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RYAN v. LISS

April 7, 1988

Frank J. Ryan and Evelyn M. Ryan, Plaintiffs,
v.
Liss, Tenner & Goldberg Securities Corp., et al., Defendants


Wolin, Alfred M., U.S.D.J.


The opinion of the court was delivered by: WOLIN

In June, 1983, plaintiff Frank J. Ryan and Evelyn M. Ryan opened an account with defendant Liss, Tenner & Goldberg Securities Corporation (LTG), in order to purchase and sell stocks and bonds. LTG required the Ryans to execute three separate forms as part of the process of opening their account. The first form was a basic information sheet which required personal data and an investment objective. The second form, preprinted on Bradford Broker Settlement, Inc. letterhead, constituted the Customer's Agreement for Cash and/or Margin Accounts (Customer Agreement). In pertinent part that form states:

 
ARBITRATION OF DISPUTES
 
Any controversy arising out of or relating to any account(s) of the undersigned [plaintiffs], transactions with you on behalf of the undersigned, or this Agreement, or the breach thereof, shall be settled by arbitration in accordance with the rules, then in effect, of the National Association of Securities Dealers, Inc., the Board of Governors of the New York Stock Exchange, or the arbitration panel of any other exchange which has jurisdiction over the transaction in dispute, as the undersigned may elect . . . . It is understood that this Agreement to arbitrate does not constitute a waiver of the right to a judicial forum where such waiver would be void under the securities laws and specifically does not prohibit the undersigned from pursuing any claim or claims arising under the federal securities laws in any court of competent jurisdiction.

 The third and final form signed by the Ryans was the joint account agreement, which in general, set forth the obligations and liabilities of the parties and which in relevant part, directly above the date and signature of the parties, states:

 On or about April 12, 1985, LTG sold plaintiffs Wichita County Texas Health Facilities 12% bonds, due December 1, 2011. These bonds were originally issued in 1983 by an instrumentality of the State of Texas, and the State of Texas authorized the issuance through the Texas Health Facilities Development Act, Article 1528 Vernon's Annotated Texas Civil Statutes, as amended. The purpose of the bonds was to finance a residential and health care facility for aged Texans in Wichita Falls, Texas.

 On March 31, 1986, plaintiffs filed a complaint against LTG with the New Jersey Superior Court, Law Division, sitting in Passaic County, which alleged a series of state law claims arising from a dispute between the parties in connection with the Wichita bonds transaction.

 On May 6, 1986 LTG made a written demand upon plaintiffs that they submit their dispute to arbitration pursuant to the arbitration clause in the Customer Agreement. Plaintiffs did not respond to LTG's demand.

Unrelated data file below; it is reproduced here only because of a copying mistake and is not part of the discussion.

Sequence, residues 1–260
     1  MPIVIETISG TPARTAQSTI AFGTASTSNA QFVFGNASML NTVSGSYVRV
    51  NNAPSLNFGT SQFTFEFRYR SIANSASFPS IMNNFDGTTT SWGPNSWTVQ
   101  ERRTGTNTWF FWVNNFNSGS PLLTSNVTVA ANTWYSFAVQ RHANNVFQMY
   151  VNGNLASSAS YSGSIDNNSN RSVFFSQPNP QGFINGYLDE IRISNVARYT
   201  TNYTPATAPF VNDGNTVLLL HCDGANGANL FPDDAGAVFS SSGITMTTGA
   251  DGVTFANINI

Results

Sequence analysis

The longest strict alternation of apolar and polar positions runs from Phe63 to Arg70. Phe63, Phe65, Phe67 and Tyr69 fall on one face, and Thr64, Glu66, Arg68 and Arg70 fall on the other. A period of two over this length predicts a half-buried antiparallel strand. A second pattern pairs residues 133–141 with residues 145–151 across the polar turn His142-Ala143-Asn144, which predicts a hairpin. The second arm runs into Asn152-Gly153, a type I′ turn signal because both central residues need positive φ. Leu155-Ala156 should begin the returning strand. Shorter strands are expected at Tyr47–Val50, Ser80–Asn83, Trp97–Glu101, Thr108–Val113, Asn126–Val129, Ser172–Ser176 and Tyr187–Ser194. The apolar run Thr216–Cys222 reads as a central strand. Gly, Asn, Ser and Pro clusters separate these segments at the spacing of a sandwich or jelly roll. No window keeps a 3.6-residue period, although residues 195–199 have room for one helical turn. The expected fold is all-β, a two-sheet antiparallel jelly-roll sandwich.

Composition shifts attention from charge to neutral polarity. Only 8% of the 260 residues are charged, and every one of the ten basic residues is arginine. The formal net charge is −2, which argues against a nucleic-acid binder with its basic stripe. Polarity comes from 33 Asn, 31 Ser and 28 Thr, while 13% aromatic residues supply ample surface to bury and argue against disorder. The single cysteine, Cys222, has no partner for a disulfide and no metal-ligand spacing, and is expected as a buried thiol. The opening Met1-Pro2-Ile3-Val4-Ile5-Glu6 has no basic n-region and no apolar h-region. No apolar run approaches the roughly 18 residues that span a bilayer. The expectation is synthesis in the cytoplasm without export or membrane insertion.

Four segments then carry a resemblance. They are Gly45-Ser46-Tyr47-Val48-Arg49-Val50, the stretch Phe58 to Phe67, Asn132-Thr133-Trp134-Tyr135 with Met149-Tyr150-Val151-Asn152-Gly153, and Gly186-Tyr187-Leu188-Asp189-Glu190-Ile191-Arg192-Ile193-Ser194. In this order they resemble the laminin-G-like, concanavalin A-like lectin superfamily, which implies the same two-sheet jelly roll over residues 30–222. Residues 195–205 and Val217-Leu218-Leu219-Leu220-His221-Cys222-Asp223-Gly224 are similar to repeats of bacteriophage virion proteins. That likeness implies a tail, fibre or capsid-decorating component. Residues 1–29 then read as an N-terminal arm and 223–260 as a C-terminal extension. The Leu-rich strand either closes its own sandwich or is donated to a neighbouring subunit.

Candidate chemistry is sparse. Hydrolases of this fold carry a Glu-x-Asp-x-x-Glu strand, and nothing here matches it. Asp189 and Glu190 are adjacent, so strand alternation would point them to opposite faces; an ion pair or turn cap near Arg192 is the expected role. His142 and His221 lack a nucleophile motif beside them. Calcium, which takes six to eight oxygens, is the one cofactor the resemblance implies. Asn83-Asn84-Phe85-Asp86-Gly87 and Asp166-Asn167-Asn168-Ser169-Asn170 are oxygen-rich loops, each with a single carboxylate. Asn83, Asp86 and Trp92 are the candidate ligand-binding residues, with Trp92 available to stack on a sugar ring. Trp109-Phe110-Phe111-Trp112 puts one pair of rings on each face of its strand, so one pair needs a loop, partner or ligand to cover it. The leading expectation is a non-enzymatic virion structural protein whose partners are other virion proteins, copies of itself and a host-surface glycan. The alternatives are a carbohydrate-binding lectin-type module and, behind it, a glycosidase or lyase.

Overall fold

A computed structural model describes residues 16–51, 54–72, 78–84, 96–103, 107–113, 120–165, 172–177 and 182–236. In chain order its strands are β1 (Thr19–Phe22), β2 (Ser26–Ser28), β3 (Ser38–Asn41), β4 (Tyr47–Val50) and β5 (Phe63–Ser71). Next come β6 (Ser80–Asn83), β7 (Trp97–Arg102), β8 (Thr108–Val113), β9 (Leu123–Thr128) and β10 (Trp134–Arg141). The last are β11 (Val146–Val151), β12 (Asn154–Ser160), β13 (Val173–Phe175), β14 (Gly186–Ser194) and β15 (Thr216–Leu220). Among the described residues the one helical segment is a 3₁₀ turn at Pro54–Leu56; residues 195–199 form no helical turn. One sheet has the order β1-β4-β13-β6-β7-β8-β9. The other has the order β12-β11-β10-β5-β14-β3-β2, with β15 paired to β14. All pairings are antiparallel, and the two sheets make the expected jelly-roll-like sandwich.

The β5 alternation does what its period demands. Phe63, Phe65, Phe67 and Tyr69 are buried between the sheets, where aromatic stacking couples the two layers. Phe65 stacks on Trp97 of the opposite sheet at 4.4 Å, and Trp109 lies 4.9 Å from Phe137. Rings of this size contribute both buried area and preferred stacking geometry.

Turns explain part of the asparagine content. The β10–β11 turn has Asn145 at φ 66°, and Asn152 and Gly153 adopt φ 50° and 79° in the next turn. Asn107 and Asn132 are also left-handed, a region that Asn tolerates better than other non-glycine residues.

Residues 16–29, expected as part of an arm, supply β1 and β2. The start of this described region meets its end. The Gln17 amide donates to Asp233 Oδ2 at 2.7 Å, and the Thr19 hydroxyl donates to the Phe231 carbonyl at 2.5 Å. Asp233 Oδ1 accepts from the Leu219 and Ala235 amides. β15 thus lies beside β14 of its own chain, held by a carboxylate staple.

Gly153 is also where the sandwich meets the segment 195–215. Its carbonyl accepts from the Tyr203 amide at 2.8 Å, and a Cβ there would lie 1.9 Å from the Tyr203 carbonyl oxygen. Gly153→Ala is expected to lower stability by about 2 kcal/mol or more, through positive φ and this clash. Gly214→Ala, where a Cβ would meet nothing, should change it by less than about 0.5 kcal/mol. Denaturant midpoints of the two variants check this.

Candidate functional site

LTG thereafter moved in the state court to compel arbitration. Plaintiffs opposed LTG's motion and cross-moved for leave to amend their complaint in order that they might add several federal causes of action. The court granted LTG's motion on June 18, 1986 and denied plaintiff's cross-motion on July 18, 1986.

 On April 10, 1987 plaintiffs filed this action against LTG in the United States District Court, District of New Jersey. The complaint sets forth a series of purported violations of federal securities laws and other federal statutes based upon the Wichita bonds transaction.

 Currently before the court is defendant's motion to compel arbitration and/or for summary judgment dismissing plaintiffs' claims. Defendants move to compel arbitration of this matter on the grounds that there has already been a finding that a valid arbitration agreement exists between the parties, that such agreement has been held to apply to the controversy between the parties in connection with the Wichita bonds transaction and that the Federal Arbitration Act requires the arbitration agreement to be enforced. In addition, defendants contend that the federal securities claims and the RICO claim are not excepted from the arbitration agreement. For the reasons set forth below defendants' motion is granted.

 DISCUSSION:

 Defendants first contend that plaintiffs should not be permitted to relitigate issues which have already been decided in the prior state court proceedings. In particular, defendants assert that any debate as to whether the arbitration clause in the Customer Agreement Form is enforceable by LTG has been determined, in favor of LTG, by the state court. As a result, defendants argue that any claims brought by the plaintiffs in the present action which are ...


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